Reports this week indicate that Lothian Buses will increase the price of a single fare from later this year.
The increase, to £1.50, will mean that the cost of a single fare in the capital will have gone up by 150% since 2002.
The warning on fares comes amid negotiations over proposed cuts by the Scottish Government to the rate of reimbursement bus operators receive as part of the concessionary travel scheme.
The concessionary travel card allows over 60s and people with disabilities to use the bus without paying a fare. While the service is ‘free’ for these passengers, there is a cost in the form of Government subsidy.
At the moment, for every journey made by a passenger with a concession card, the bus operator can claim 67p in the pound back from the Scottish Government. However, it now appears likely that this rate will be cut by up to 13%, reducing payments to bus companies by up to £15m per year.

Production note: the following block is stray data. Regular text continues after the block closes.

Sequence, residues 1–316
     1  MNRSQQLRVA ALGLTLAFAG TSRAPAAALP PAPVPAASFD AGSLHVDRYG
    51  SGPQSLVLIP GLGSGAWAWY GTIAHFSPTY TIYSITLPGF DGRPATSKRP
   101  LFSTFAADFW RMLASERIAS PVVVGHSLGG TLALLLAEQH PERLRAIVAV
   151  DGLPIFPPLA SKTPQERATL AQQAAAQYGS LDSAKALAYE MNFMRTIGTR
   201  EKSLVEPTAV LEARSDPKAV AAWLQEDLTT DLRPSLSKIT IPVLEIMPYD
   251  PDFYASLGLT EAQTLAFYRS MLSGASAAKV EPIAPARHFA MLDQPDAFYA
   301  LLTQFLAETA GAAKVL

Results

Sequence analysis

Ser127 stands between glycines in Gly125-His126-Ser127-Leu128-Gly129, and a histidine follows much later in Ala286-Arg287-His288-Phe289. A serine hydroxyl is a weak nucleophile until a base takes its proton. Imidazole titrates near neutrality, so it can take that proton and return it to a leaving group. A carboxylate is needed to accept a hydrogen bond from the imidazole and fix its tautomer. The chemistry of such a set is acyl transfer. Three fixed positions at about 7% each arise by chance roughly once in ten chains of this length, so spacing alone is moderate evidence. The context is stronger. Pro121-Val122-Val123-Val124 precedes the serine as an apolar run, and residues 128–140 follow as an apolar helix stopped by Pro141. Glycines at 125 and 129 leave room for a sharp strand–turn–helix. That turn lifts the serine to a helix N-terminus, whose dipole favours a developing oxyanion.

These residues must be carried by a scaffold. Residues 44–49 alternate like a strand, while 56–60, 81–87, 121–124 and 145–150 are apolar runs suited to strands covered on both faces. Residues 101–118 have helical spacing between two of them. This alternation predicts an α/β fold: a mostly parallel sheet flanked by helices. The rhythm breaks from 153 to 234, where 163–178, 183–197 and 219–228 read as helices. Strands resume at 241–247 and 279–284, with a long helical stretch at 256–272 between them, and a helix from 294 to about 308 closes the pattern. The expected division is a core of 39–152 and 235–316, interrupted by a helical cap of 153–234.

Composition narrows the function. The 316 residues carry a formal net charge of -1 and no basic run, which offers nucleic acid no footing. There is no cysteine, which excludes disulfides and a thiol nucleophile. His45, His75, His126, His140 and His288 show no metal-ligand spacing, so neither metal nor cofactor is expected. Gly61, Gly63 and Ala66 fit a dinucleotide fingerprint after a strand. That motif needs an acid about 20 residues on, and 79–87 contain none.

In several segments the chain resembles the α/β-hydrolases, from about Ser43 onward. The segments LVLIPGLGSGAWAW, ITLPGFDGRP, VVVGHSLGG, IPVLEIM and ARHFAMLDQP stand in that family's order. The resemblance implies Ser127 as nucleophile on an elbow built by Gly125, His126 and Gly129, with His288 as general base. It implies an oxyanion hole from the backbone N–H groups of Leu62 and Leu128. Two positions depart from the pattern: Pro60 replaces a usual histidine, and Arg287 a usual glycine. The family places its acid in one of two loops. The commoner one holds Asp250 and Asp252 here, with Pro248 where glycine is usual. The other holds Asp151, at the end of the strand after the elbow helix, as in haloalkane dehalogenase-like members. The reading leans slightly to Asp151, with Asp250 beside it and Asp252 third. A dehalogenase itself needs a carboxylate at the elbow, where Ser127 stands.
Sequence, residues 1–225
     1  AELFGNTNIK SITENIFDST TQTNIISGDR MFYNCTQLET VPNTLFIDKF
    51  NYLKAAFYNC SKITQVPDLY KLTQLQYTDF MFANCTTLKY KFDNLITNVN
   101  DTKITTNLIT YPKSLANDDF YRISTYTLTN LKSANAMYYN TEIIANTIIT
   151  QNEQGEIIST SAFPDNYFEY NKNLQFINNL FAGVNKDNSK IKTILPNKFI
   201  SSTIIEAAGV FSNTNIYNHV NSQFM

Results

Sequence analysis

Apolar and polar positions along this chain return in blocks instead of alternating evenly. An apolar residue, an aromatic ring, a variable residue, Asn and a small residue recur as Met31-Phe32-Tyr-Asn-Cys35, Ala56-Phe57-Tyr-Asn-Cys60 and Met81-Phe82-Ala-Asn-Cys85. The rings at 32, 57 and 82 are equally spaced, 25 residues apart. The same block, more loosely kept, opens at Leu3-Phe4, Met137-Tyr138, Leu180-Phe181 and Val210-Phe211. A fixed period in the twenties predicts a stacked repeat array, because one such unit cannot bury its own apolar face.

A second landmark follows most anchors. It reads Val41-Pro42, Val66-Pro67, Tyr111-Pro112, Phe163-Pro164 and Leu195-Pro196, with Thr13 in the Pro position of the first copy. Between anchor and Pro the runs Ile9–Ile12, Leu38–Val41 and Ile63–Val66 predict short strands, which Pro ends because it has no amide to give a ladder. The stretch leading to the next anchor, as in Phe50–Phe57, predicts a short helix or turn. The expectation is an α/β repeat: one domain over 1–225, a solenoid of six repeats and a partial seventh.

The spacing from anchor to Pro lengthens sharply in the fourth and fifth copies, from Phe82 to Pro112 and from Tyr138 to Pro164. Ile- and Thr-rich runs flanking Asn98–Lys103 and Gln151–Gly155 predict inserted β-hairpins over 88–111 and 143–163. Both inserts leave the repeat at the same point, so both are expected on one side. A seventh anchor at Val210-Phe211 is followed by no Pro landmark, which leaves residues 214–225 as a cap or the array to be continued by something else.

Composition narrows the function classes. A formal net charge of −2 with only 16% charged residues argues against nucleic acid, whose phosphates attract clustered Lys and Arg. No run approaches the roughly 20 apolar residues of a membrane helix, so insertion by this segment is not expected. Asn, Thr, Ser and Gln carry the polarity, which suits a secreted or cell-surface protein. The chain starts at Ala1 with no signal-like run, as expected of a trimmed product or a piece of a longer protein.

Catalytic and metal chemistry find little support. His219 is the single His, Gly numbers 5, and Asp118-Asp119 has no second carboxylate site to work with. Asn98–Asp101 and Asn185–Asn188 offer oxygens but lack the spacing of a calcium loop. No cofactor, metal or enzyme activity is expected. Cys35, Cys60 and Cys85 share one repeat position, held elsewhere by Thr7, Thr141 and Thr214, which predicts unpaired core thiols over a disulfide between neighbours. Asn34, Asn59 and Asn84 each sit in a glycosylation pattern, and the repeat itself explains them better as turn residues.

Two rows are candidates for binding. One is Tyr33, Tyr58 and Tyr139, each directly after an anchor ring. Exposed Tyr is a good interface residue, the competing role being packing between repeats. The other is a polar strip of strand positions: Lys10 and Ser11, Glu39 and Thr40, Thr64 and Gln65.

This announcement lays bare the impact of the SNP Government’s choices on bus travel. This year, fares could go up because of the underfunding of the concessionary fares scheme. Last year it was because of SNP cuts to the Bus Service Operators Grant.
This will inevitably have an impact on commuters and will particularly hit those in low paid jobs who rely on public transport.
It is commendable that Lothian Buses want to maintain services and keep increases to a minimum but they’re increasingly being boxed in by the Scottish Government’s funding approach.
We need the Transport Minister to act now to head off the possibility of more fare hikes or more service cancellations this spring across the Lothians.